When most people come out as trans, they often feel unsafe or ridiculed by society, which makes them want to hide from their true selves. Instead of hiding, SRU alumnus and transman Atticus Ranck, 26, decided to use his transition to educate people on what it means to be trans.
Ranck was born and raised in Lancaster, Pa. to a family with two sisters and a brother. Ranck said his family is very religious, so he attended church often.
“I had a pretty idyllic childhood because I was loved and cared for, and there were no serious issues in my family or anything like that,” Ranck said.
Ranck said growing up, he wasn’t particularly feminine and he often picked out clothes from male sides of stores, but it wasn’t until he hit puberty that Ranck said he started to feel pressured to look more feminine.
“I remember when I bought my first pair of girl pants right before I went into ninth grade,” Ranck said. “I didn’t like them, but my brother and dad were like, no, they look really good,’ and I was like,’ no, they’re so tight.’ My femininity was jeans and a T-shirt.”
Ranck said he would sometimes wear dresses and straighten his hair because he liked the attention he got when he dressed up.
When Ranck turned 17, he came out as a lesbian and started dating a girl. He said once his parents found out, they immediately split them up. Ranck said even then, he didn’t feel trans.
During his years at SRU, Ranck said he started to become more and more masculine and eventually cut off his hair. It wasn’t until graduate school at Florida Atlantic University that Ranck figured out he was transgender.
“I wrote a paper when I took a Queer Sex class about prosthetic penises, which are what trans guys can wear to have intercourse,” Ranck said. “So after the paper, I really wanted to buy one of these, so I bought one, and it was pretty quick after that. I started going by Atticus, I started using male pronouns and then I started seeing a counselor and it was like in hindsight, I should’ve known when I was much younger, but I just didn’t know that trans was a thing or an option.”
Ranck said when he attended SRU, he was president of RockOUT, Slippery Rock’s LGBTQIA organization, for three years. He said perception of the LGBT community was starting to change while he was at SRU, but he said Slippery Rock is very “western Pennsylvania,” and it’s a working class area that doesn’t have a lot of diversity.
“LGBT was still very much people coming from closeted areas or struggling with issues at home, and there was still homophobia in the classroom and among clubs and stuff, so it was definitely something that was difficult to talk about,” Ranck said.
Ranck said looking back, he feels bad because he said he’s sure there were trans people at SRU, because he was trans, but didn’t realize it yet. He said although the culture is shifting, trans is now the next scary thing that people don’t really get.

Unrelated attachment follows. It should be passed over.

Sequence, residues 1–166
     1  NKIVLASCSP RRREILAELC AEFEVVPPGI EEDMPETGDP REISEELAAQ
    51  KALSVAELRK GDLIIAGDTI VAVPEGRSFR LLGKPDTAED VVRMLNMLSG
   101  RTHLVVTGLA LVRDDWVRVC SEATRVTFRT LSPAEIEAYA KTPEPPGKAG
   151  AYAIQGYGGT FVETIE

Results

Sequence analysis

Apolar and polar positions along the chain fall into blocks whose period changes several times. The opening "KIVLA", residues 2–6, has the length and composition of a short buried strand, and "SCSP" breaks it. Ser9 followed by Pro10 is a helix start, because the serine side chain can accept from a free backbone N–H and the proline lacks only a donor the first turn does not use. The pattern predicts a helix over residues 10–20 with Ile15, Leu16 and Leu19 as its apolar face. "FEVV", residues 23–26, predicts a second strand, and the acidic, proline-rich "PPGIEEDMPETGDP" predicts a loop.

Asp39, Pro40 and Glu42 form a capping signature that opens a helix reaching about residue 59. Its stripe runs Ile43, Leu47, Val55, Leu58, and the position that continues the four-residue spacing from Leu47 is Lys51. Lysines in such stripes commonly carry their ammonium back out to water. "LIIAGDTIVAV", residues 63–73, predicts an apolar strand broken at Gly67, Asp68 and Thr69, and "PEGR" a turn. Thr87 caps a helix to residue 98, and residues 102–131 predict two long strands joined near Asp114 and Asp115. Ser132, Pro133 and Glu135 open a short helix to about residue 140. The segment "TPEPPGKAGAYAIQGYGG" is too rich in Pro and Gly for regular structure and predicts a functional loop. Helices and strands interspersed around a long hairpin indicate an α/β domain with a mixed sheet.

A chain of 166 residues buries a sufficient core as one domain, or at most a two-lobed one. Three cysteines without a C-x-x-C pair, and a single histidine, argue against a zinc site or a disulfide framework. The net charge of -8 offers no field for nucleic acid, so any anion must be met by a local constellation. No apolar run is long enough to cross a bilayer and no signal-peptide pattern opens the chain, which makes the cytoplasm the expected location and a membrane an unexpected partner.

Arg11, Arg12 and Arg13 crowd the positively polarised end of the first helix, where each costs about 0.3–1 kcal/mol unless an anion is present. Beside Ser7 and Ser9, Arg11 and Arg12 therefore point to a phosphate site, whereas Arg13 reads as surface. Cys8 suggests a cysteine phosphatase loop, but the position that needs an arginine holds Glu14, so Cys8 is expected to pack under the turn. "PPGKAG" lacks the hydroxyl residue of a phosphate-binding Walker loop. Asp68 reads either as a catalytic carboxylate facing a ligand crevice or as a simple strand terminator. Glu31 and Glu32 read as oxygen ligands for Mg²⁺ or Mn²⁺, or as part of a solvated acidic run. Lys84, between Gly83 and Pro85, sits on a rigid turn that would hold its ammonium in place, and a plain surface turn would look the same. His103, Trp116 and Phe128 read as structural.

Ranck now works at SunServe Social Services in Wilton Manors, Fla. as the Director of Transgender Services. SunServe is a LBGT nonprofit organization. He also said he’s an educator, a trainer and a case manager at SunServe. Ranck said right now, he’s the only employee at SunServe in trans services. He said the organization has five different support groups just for trans people, all of which Ranck helps coordinate. He said he also educates a lot of different local organizations.
“I did trainings for recovery centers and the Department of Juvenile Justice for schools and classrooms and different clubs to help them better understand their (trans) clients,” Ranck said. “If you’re a recovery center, you have to put the trans person in with the gender they identify, not based on their biological sex.”
Ranck said his main job at SunServe is case management and advocacy on behalf of his clients. He helps clients get access to hormones and helps them with their mental health. He also said he goes to jails and meets with clients who are incarcerated to help them access hormones or advocate for them when they’re being mistreated.
“I love it,” Ranck said. “I wasn’t really sure what this role would really look like because I basically stepped into the position kind of unsure of the best way to take it. I feel like I’m doing something important.”
Ranck said his sexual orientation is straight. Pre-transition, he was attracted to women, and he said it hasn’t changed.
“I identify as a straight man,” Ranck said. “I recognize that sexual orientation lies along a continuum. It’s not always so fixed. It’s a lot more fluid. I like women, and I have a girlfriend who is straight.”
Ranck said it wasn’t hard for his body to accept that he was transitioning. He said he stopped menstruating right away, which he said was pretty great.
“You have to be careful because what often happens with a lot of my clients is they start transitioning without the help of a doctor, which is really dangerous because that’s not healthy for your body,” Ranck said.
Ranck said he went to a doctor to get blood work done first to make sure that he was healthy enough for his transition, and then started taking the hormones. He said during the first year, he had to get blood work done every month to make sure that he was taking in the hormone well, and then it switched to three months. Now, since he’s been taking hormones for over two years, Ranck said he goes to the doctor every six months to make sure he’s okay.
Ranck said he feels good about his transition, but transitioning and being seen as a man doesn’t solve all his troubles.
“There are still lots of problems that come about because that’s life and that’s what happens, but I never take it for granted.”
Ranck will be coming to SRU on April 13 to discuss his experience as a transman and his work at SunServe Social Services at his presentation, “It’s A Hard Trans Life” at 7 p.m. in the Smith Student Center Theater.